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Ramaphosa's call for lifting of sanctions on Zimbabwe laudable

24 Jan 2019 at 11:24hrs | Views
The call by the South African President, Cyril Ramaphosa, for sanctions imposed on Zimbabwe to be lifted is progressive and worth celebrating.

Ramaphosa joins Rwandan President Paul Kagame and foreign based business magnate, Strive Masiyiwa, in calling the international community to be supportive of Zimbabwe's economic reform agenda.

Addressing the United Nations General Assembly (UNGA) 73rd Session last year (2018), President Kagame stated that the next stages on Zimbabwe's path of progress warranted steady encouragement from the international community and this can only be achieved if the sanctions are removed.

On his part, Masiyiwa recently implored relevant communities to lift sanctions imposed on the country highlighting that President Mnangagwa was sincere in his agenda to turn around the country's economy.

In his interview with the BBC on the side-lines of the International Labour Organisation (ILO) meeting in Geneva, President Ramaphosa, who is also the sitting SADC Chair, said the challenges facing Zimbabwe due to the sanctions regime were of concern, not only to South Africa, but the entire region.  

In his appeal, he stated that, "the world that has imposed sanctions against Zimbabwe would be even more helpful if those sanctions were to be lifted".

He added that the sanctions against the country were no longer necessary because the country had embarked on a path of democracy and real recovery.

For close to two decades, Zimbabwe has endured economic sanctions from a number of European countries including, the United States (US) and the European Union.

Certainly, remarks by President Ramaphosa are testimony of the growing unity among African leaders in their quest to overcome the challenges facing their nations.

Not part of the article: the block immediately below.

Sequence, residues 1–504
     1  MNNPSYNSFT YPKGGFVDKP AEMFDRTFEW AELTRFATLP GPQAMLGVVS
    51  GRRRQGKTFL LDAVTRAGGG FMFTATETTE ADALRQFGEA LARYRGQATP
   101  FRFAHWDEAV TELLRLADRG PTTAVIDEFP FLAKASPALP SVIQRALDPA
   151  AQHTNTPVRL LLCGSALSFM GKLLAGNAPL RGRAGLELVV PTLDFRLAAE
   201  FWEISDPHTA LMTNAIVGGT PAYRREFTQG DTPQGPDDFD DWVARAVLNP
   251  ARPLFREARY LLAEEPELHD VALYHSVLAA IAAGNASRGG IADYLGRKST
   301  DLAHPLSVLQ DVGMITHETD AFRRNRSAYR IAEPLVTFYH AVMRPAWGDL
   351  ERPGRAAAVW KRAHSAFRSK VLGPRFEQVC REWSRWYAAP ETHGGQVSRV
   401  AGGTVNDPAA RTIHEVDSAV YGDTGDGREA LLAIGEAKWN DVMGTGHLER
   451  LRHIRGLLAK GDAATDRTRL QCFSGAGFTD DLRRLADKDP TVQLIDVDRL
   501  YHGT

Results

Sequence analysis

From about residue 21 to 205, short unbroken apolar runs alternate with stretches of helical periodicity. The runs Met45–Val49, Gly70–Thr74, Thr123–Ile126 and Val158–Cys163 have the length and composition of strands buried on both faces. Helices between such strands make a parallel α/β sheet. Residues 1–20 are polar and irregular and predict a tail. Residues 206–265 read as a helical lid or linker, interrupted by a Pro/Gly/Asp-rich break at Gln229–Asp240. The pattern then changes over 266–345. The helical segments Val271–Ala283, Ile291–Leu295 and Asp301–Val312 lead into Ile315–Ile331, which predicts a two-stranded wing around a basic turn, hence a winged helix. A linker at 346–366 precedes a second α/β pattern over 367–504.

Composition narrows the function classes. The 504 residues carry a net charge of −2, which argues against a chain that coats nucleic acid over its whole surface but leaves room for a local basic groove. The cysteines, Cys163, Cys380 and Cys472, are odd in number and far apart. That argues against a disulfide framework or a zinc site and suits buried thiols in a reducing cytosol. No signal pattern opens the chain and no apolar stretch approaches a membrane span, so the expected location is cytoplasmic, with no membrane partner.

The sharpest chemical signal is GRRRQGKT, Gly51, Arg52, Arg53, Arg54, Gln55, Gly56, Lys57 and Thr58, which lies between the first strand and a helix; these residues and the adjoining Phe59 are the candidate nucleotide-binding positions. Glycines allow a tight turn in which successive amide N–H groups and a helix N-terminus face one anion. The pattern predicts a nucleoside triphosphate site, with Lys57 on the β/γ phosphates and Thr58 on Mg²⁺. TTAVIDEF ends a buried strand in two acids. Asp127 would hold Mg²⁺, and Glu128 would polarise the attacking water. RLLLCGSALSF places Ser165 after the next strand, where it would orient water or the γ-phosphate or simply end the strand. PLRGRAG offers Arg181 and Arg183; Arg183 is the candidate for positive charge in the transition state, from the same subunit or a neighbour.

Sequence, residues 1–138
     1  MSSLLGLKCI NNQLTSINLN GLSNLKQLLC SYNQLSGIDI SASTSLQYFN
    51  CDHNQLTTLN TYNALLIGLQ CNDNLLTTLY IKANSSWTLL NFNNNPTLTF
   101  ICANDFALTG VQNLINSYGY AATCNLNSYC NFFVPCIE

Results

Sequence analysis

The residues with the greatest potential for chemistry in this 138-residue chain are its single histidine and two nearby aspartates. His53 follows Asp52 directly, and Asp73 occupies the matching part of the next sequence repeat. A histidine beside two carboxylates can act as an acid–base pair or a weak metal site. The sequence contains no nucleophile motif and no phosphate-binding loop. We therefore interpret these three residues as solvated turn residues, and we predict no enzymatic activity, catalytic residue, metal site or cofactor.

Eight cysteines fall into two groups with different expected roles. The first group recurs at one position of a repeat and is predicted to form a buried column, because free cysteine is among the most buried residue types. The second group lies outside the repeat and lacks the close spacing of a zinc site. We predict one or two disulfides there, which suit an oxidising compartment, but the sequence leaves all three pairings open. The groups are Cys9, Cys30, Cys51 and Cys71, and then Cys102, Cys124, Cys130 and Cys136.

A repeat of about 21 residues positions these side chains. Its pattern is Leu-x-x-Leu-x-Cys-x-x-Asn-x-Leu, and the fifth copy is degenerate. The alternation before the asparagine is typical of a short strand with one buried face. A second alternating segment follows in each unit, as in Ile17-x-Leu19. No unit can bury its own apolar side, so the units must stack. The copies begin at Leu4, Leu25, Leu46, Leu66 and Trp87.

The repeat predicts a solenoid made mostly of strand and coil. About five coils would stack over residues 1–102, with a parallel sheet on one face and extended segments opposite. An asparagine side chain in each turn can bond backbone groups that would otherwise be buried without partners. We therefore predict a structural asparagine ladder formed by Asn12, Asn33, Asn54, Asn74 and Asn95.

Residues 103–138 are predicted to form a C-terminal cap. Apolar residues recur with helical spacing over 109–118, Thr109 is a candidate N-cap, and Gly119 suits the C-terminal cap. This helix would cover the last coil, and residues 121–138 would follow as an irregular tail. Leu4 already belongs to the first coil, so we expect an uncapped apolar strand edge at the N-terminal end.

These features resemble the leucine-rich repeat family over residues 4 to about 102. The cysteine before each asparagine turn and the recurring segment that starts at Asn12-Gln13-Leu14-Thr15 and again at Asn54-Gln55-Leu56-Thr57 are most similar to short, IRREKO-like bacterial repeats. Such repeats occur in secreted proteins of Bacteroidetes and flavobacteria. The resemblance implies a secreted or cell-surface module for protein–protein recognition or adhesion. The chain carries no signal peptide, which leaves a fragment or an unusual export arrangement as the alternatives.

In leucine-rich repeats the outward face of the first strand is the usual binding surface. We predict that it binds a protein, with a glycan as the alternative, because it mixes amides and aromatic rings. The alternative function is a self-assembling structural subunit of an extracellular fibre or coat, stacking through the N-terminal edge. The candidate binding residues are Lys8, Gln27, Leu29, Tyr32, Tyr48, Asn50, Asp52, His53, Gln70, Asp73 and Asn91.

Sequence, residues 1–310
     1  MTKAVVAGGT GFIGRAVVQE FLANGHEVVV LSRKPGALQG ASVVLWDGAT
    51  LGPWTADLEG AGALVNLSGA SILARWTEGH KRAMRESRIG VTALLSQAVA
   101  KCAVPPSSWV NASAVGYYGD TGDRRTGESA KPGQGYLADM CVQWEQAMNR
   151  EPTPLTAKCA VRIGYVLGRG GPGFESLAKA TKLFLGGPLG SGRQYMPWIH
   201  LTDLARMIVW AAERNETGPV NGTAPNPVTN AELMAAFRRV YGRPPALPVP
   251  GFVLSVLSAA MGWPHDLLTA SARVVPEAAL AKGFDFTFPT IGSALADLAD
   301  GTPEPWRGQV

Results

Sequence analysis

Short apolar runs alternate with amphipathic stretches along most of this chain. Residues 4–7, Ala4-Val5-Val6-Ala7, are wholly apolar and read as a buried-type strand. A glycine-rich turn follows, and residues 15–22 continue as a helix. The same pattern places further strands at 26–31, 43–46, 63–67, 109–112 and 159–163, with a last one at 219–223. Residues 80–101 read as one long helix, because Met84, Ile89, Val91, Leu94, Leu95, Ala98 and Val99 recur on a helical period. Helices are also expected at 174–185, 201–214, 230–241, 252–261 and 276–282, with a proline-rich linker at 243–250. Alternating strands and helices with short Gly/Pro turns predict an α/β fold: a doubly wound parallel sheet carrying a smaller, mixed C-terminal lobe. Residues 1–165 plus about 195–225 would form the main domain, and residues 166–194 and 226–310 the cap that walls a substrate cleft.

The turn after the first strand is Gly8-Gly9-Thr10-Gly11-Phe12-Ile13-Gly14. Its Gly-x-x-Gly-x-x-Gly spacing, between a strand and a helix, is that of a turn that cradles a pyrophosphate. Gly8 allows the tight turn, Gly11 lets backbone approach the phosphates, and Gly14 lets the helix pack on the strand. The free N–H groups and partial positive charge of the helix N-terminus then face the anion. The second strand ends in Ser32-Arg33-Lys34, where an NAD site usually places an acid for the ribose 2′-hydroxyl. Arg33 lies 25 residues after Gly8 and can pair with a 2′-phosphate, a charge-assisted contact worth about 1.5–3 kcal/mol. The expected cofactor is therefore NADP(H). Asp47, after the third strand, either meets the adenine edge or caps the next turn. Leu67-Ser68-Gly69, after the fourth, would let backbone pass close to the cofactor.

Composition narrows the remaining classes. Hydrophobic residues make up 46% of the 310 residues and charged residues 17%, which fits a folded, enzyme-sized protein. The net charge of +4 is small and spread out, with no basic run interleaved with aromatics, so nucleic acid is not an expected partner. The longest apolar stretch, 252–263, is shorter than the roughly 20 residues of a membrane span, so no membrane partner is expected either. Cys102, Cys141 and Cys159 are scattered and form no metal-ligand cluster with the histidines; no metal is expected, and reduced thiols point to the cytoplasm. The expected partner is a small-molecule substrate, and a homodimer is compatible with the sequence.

On the other hand, it can be noted that the debate and discourse on Zimbabwe in the region and across the world is changing and taking a positive twist at the back of an aggressive engagement and re-engagement drive by President Emmerson Mnangagwa.   
It is common knowledge that Zimbabwe is South Africa's major trade trading partner and no doubt, challenges in the country's economy have an adverse bearing on its economy too.

It may be recalled that during the first half of 2018, the US extended the Zimbabwe Democracy and Economic Recovery Amendment (ZIDERA) Act which forbids Zimbabwe to trade with and access loan facilities to pay off the national debt from the US and other International Financial Institutions (IFIs).

The Act directs US Executive Directors of IFIs to oppose the vote against any extension by respective institutions of any loan, credit, or guarantee to the Government of Zimbabwe; or any cancellation or reduction of indebtedness owed by the Government of Zimbabwe to the United States of America or any International Financial Institution.

This piece of legislation has been detrimental to the operations of the manufacturing and processing industry who could no longer access finances to purchase and service requisite equipment and raw materials from some countries abroad.

Although, ZIDERA was said to be targeted, it eventually contributed to the crippling of the country's economy which brought untold suffering among Zimbabweans.

Around late 2018, the US Deputy Assistant Secretary of State, Matthew Harrington, threatened that the US would announce more sanctions on Zimbabwean if Government did not drop charges against opposition principal, Tendai Biti, who stands accused of inciting post-electoral violence that led to the death of six people on 1 August 2018 in Harare.

This goes to show that some of the sanctions are not justified, but driven by political motives.

Lifting of sanctions imposed on the country would bring a lot of relief to most of the challenges facing the country, including fuel shortages, commodities price hikes, shortages of foreign currency and different supplies necessary to drive the economy.

Naturally, it would also ease the political tension that have seen opposition elements take to the streets to protest alleged high cost of living in the country resulting in casualties in some cases.  

Other countries that trade with Zimbabwe are also bound to benefit if the sanctions are removed. Most likely there would be remarkable regional economic growth.

Source - Ashley Kondo
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